With the presidential election just about 50 days away, the conservatives have sunken into lethargy.
Former UN Secretary-General Ban Ki-moon, who was favored by conservatives when he returned home to start a campaign of his own, abruptly dropped out of the race just a few weeks in.
Acting President Hwang Kyo-ahn, who led conservative candidates in support ratings though he had not declare candidacy, announced he would not run for president.
Their departure from the campaign scene has left a big hole in the conservative camp.
Undoubtedly, the crisis resulted from a nation-rocking scandal in which a friend of the now former president meddled in state affairs for personal gains.
To take a closer look at their problem, their crisis is rooted in arrogance, self-righteousness and obstinacy accumulated from two decades of conservative governments. The people have been frustrated at their deviations from true conservatism.
The latest poll showed liberal and centrist candidates in a comfortable lead.
Moon Jae-in, former leader of the liberal opposition Democratic Party of Korea, received 37 percent support; South Chungcheong Province Gov. An Hee-jung of the same party received 16.8 percent; Ahn Cheol-soo, former leader of the centrist opposition People’s Party, received 12 percent and Seongnam Mayor Lee Jae-myung of the Democratic Party received 10.3 percent.
Their combined ratings reach 76.2 percent.
In contrast, on the conservative front the rating for South Gyeongsang Province Gov. Hong Joon-pyo, who is expected to run on the ticket of the conservative ruling Liberty Korea Party supportive of former President Park Geun-hye, marked 7.1 percent.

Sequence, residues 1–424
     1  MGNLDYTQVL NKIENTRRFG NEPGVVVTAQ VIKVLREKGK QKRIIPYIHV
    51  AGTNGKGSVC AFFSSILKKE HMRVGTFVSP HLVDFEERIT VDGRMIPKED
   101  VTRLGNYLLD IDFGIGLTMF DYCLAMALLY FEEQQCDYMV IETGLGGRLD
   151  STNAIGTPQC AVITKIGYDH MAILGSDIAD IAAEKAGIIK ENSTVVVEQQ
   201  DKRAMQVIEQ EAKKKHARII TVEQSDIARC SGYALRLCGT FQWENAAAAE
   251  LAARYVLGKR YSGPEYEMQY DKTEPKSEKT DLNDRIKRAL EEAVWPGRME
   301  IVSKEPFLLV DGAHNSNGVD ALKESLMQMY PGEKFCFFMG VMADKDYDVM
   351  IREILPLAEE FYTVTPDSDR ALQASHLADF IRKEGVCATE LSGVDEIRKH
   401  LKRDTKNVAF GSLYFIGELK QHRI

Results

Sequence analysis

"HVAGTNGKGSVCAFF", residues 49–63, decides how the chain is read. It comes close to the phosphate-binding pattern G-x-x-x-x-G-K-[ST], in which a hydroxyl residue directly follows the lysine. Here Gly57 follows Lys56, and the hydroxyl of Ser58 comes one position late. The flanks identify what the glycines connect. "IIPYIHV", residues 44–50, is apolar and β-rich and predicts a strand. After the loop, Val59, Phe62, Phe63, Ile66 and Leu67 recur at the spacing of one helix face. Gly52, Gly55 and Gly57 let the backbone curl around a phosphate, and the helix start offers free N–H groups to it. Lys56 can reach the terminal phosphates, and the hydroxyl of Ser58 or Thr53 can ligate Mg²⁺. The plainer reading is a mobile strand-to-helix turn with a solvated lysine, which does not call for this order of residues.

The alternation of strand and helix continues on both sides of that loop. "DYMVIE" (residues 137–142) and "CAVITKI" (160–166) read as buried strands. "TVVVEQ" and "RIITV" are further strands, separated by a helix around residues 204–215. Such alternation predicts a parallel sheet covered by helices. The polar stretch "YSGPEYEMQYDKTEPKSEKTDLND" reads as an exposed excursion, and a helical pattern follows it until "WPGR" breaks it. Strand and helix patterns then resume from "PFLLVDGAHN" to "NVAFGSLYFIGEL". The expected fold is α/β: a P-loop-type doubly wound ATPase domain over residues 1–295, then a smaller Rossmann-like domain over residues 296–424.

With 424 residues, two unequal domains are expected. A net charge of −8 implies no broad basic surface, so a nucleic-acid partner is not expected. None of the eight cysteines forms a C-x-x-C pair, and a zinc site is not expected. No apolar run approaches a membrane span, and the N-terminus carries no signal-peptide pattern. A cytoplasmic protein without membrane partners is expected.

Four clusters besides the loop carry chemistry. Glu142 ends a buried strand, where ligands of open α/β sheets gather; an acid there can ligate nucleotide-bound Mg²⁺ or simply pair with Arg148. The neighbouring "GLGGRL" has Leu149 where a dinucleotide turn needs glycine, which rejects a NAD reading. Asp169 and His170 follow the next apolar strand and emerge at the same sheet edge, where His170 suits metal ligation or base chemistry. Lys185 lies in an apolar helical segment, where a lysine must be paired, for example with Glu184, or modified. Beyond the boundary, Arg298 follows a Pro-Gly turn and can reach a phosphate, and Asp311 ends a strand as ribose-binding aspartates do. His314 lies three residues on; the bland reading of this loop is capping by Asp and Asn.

Rep. Yoo Seong-min and Gyeonggi Province Gov. Nam Kyung-pil, both of the Bareun Party, a splinter group that broke off from the Liberty Korea Party and is critical of Park, received 4.8 percent and 1.8 percent, respectively.
The combined rating of the three amounts to only 13.7 percent, about a fifth of that of liberal and centrist candidates.
All the supporters of Hwang did not move to the conservative bloc after his announcement that he would stay out of the race.
Of them, 28.1 percent turned to liberal and centrist candidates -- no small portion.
There is nothing to wonder about when it comes to people flocking to opposition candidates. They have become sick and tired of the incompetence and irresponsibility of Park and her loyalist lawmakers.
But the collapse of a party that champions the values of conservatism is not desirable to the development of a nation.
Though the conservative camp is divided and disordered presently, conservatism is unquestionably an asset to Korean society. The stable balance of liberalism and conservatism is an essential element of a healthy nation, just as it takes a left wing and a right wing both to fly.
The political spectrum should not become so polarized that one side is able to exclude the other without compromise.
Policies for the sake of the entire nation are hard to come by from a lopsided political landscape controlled by either side.
Unchecked power on an uneven playing field will stifle healthy partisan rivalry on important issues.
Election results in a situation where one side overwhelms the other will likely fail to adequately reflect the popular will and endanger representative democracy.
The slanted relation between the left and the right will also destroy checks and balances against each other and cause extreme confrontations.
Ironically, even as the odds appear to be stacked against candidates from the Liberty Korea Party, nine members of the party have announced their candidacy despite their ratings being near zero.
What conservative politicians lack the most now is self-sacrifice. Those who should make way for new faces and new leadership are trying to stand their ground for personal or political gains. To pull together disentangled conservatives, they should stand back.
The Liberty Korea Party and Bareun Party should shed the selfishness of their individual members and search out ways to revive conservatism for the nation.